W H A L E: Andrea Miller’s Gallim Dance at The Joyce Theater

New York, N.Y.  Andrea Miller’s work is not for everyone. Case in point: when the performance of W H A L E, Miller’s latest work for Gallim Dance, reached intermission at The Joyce Theater on Sunday afternoon, half of the row in which I was sitting mysteriously emptied out. From what I was told by other audience members (admittedly mostly dancers themselves), those who stayed for the entire performance walked away with smiles on their faces and a renewed sense of wonder at the marvel that is the human body.

Photo credit: Nir Arieli

Photo credit: Nir Arieli

Miller’s work polarises. Delight and disgust coexist seated side by side in the audience. Similarly, a full gamut of human emotion exists on the stage when Gallim Dance takes it, particularly in this latest work. With W H A L E, Miller exposes questions about love, sex, and relationships that usually remain individual and internal: “How do you get it? What does it look like? Maybe it’s always there, but how do you recognize it?” Perhaps the only thing truly pedestrian about Miller’s work is the emotions put on display: wholly, inarguably, recognizably human.

For all that these questions sound pedestrian and, dare I say it, normal, Miller’s movement is anything but. From the first moments of the piece, the dancers take unconventional, daring approaches to whatever task they are attempting. Seven of the cast begin onstage, singing Nat King Cole’s “L-O-V-E” with childlike abandon. With an unfailing grin, an eighth dancer enters and knocks them over with assisted flying leaps that seem both effortless and impossible. This delighted abandon carries over into movement, the ensemble throwing themselves into the air, onto the floor, and against each other as though in the midst of a playful pillow fight in a room full of mattresses. This escalates until a comically awkward attempt at a sex scene leaves one woman collapsed on the floor. She only rises once the others still, dragging herself upstage on one hip and one hand, rising on her toes as though thinking of flight only to collapse in on herself, the entire unexpectedly raw solo perfectly conveying what it feels like to move when everything inside of you has become chewed up, unrecognizable.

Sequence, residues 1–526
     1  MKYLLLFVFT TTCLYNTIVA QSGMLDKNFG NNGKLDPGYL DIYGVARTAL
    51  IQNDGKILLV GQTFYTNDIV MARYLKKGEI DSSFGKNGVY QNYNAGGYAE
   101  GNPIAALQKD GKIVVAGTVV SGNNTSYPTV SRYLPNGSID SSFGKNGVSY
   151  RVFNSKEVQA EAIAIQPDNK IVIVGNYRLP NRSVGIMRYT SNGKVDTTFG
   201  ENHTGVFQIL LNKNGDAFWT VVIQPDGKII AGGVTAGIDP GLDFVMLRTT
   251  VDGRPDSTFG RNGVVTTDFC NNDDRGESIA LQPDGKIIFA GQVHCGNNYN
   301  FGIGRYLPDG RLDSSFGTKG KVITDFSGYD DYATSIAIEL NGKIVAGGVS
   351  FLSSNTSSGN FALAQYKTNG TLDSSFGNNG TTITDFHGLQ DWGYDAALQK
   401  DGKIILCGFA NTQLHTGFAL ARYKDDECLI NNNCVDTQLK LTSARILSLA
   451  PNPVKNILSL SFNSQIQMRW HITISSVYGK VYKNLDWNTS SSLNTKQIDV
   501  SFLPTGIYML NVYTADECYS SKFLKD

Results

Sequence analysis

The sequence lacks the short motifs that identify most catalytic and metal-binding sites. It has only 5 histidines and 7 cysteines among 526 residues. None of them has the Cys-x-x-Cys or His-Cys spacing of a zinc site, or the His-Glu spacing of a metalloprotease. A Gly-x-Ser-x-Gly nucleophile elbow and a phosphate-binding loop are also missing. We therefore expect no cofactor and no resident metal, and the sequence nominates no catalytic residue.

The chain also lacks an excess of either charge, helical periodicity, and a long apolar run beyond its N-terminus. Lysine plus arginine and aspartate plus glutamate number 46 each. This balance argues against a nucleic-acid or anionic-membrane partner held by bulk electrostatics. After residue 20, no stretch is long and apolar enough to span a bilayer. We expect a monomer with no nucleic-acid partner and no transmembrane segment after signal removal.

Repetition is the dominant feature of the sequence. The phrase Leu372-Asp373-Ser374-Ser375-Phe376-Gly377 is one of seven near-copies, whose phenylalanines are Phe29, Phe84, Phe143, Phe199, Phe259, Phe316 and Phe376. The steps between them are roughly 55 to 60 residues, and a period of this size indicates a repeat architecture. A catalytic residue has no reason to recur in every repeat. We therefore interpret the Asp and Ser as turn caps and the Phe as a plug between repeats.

Photo credit: Nir Arieli

Photo credit: Nir Arieli

W H A L E proceeds to take the audience through gasp-inducing duets and pounding sections in unison, still, quiet moments of pleading and intimacy to strange and beautiful structures to a pulsing, contemporary dance approximation of a nightclub. A male solo danced in the nude, an intimate trio that calmly accepts interruptions and interference. The nude man’s attempts to fit himself into the images created by the trio and their tender, yet somehow distant responses etch a beautiful portrait of the spaces between sex and intimacy and family to take the piece to intermission.

If the dancers’ physicality was impressive in the first half, they pulled out all of the stops in the second. The lights come up on the dancers shoving each other, the group pulling back to stand or sit on the chairs set at the periphery as solos emerge that manage to convey the impression that the dancer is still being pushed around by invisible assailants. One dancer arches on his stomach across another’s back, thrusting himself into the air with no regard for whether the person bent in half to support him will be able to catch him again; another tips over backward, spiraling off a chair on one foot as the other stretches above his head behind him; a duet is composed of one dancer doing everything in his power to keep his partner from ever touching the ground, no matter how hard she strives to fly or fall away.

Photo credit: Nir Arieli

Photo credit: Nir Arieli

The moments of intimacy and affection also seem more sharply focused and softly felt in the second half. Two men counterbalance each other, walking in circles for an extended period before one of them crashes to the ground. His partner, instantly contrite, pulls him to his feet and into his arms; they then take turns allowing gravity to tip them over backwards, one always catching the other’s fall. A woman runs in circles around a man, pulling him into embraces only to throw him away, looking at him only when she finally falls to the floor. She stands and crawls inside of his shirt, then his shorts, to embrace him. They slow dance to soft vocals, taking turns to hold each other up as the rest of the cast flows and jumps across the stage in various stages of undress.

The work ends on a jubilant note, the cast jumping, falling, catching, spinning, stripping, and smiling with all of the enthusiasm with which they began the piece and the maturity demonstrated in the spaces between. Though there was no ostensible narrative, there was a sense of a journey, of an understanding being reached. And, if nothing else, one could appreciate the absolute delight and fascination with which Miller and her dancers treat the human body.

Go to see Gallim Dance the next time they perform. Love it, hate it–at the very least you’ll have something to talk about.

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Courtney Escoyne is an assistant editor and contributor at Dance Magazine. A recent graduate of NYU Tisch School of the Arts Department of Dance, her writing can also be read in Pointe and on her blog, Thoughts From a Ballet Nerd.